Discussion:
[pygnulib] simplify cache configure.ac parsing
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Dmitry Selyutin
2017-09-12 15:54:08 UTC
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NOTE
This change does not affect the current gnulib-tool.py, just `python`
branch.
Still this change is going to be integrated later into the gnulib-tool.py.


I've been testing a new command-line parsing along with parsing cached
configuration (configure.ac, gnulib-cache.m4 and gnulib-comp.m4 processing).
I've noticed that we spend a lot of time whilst processing the contents of
AC_PREREQ and AC_CONFIG_AUX_DIR macros. These regular expressions have the
following form (I've removed some junk):

".*AC_PREREQ\\(\\[(.*?)\\]\\)"
".*AC_CONFIG_AUX_DIR\\(\\[(.*?)\\]\\)"

In Python, however, it seems to be enough to just use the following form:

"AC_PREREQ\\(\\[(.*?)\\]\\)"
"AC_CONFIG_AUX_DIR\\(\\[(.*?)\\]\\)"

Once I started using the latest form, the time required to process each of
these regular expressions decreased for about half a second. The regex works
even on the following cases:

"hello([AC_PREREQ([2.67])])"
" AC_PREREQ([2.67])"
"helloAC_PREREQ([2.67])world"

I suspect that the original form just was a copy-paste from the original
gnulib-tool, where it could have been used due to the usage of sed to parse
the contents of the configure.ac file. So the questions are:
1. Is the new behavior correct?
2. Shall I push this small optimization?


I'd like to do it, because right now everything else I've rewritten works
almost instantly, but I still have some doubts. What do you think?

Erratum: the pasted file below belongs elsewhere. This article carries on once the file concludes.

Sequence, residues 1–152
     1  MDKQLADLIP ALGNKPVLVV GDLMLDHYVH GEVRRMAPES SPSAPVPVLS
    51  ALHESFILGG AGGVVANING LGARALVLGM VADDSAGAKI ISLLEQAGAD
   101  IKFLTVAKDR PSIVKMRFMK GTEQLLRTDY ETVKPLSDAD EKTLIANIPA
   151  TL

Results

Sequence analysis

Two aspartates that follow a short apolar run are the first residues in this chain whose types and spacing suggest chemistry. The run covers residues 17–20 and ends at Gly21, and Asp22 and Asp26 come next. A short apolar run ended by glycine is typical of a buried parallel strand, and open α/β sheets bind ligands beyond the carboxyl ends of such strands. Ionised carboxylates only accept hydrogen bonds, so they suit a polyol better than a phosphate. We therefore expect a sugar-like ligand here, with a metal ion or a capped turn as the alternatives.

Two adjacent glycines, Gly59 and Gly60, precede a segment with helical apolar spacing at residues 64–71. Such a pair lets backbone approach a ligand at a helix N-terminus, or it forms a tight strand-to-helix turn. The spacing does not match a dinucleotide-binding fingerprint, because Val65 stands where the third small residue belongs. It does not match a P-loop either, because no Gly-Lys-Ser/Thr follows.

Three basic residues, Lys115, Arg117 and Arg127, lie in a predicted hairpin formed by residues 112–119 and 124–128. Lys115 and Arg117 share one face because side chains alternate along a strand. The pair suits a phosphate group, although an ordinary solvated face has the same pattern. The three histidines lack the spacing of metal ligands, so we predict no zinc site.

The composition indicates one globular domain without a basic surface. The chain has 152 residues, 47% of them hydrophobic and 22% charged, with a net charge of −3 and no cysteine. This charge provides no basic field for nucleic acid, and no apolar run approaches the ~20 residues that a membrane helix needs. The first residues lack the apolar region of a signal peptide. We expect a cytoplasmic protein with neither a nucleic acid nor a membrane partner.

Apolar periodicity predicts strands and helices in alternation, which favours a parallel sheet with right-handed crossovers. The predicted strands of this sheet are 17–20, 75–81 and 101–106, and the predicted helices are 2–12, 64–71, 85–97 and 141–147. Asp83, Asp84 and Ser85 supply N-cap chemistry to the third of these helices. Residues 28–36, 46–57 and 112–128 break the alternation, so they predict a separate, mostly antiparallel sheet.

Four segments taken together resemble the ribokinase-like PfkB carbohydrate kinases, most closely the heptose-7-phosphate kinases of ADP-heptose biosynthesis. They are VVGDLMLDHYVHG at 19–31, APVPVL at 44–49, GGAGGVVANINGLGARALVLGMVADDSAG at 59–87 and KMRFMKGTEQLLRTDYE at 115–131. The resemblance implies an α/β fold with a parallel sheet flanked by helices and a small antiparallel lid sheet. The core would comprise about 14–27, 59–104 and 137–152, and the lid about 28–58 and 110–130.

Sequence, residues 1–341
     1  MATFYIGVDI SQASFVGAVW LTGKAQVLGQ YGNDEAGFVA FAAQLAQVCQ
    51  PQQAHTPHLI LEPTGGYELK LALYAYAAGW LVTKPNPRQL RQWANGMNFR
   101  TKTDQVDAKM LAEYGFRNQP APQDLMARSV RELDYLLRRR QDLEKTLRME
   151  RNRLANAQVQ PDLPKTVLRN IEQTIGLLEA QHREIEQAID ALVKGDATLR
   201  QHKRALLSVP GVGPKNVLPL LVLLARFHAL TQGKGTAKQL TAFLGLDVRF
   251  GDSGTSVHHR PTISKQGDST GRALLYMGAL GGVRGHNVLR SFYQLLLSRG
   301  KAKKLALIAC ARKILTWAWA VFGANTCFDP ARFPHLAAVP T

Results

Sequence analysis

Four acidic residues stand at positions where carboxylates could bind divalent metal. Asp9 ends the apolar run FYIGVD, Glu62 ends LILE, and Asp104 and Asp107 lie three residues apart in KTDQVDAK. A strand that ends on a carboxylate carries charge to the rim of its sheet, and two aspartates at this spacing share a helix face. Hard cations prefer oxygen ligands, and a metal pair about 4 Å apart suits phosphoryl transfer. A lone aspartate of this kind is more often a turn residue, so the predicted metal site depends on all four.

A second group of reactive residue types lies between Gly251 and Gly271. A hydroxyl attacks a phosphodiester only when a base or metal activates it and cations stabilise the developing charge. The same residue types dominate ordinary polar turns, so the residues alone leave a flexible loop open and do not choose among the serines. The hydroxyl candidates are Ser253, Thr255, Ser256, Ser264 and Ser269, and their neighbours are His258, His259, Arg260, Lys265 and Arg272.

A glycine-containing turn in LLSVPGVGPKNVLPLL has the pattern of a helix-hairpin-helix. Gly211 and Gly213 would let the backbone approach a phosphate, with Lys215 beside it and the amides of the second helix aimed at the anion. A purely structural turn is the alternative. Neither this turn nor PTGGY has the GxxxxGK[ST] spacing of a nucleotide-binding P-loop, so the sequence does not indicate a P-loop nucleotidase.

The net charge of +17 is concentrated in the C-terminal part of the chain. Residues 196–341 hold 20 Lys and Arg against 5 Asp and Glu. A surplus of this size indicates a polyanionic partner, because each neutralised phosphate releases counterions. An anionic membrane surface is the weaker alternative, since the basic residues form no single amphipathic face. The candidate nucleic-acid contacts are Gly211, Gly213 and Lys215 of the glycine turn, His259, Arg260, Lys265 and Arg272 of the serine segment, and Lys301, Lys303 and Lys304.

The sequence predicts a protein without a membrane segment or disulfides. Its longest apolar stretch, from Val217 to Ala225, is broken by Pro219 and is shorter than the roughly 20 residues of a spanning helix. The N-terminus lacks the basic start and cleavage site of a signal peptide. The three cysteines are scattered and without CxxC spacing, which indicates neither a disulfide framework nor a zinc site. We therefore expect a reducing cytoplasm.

BTW, the version from the pygnulib differs a bit already from the
gnulib-tool
shell script; I've attached the patch. I've also decided to use raw string
literals just to make regex less verbose.
--
With best regards,
Dmitry Selyutin
Bruno Haible
2017-09-12 17:08:55 UTC
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Hi Dmitry,
Post by Dmitry Selyutin
BTW, the version from the pygnulib differs a bit already from the
gnulib-tool shell script
The shell script contains this code (unchanged since 2009):

guessed_auxdir="."
guessed_libtool=false
my_sed_traces='
s,#.*$,,
s,^dnl .*$,,
s, dnl .*$,,
/AC_CONFIG_AUX_DIR/ {
s,^.*AC_CONFIG_AUX_DIR([[ ]*\([^]"$`\\)]*\).*$,guessed_auxdir="\1",p
}
/A[CM]_PROG_LIBTOOL/ {
s,^.*$,guessed_libtool=true,p
}'
eval `sed -n -e "$my_sed_traces" < "$configure_ac"`

The first 3 lines of the sed script remove comments; I guess gnulib-tool.py
ought to do the same, because we really don't be fooled by invocations that
have been commented out.
Post by Dmitry Selyutin
"hello([AC_PREREQ([2.67])])"
" AC_PREREQ([2.67])"
"helloAC_PREREQ([2.67])world"
You can reasonably assume that a configure.ac will not contain the first
or third of these lines, because AC_PREREQ (and likewise A[CM]_PROG_LIBTOOL)
are usually used at the top-level only. The second line can occur, though,
as there is no pressure on the programmers to use no indentation.

Bruno

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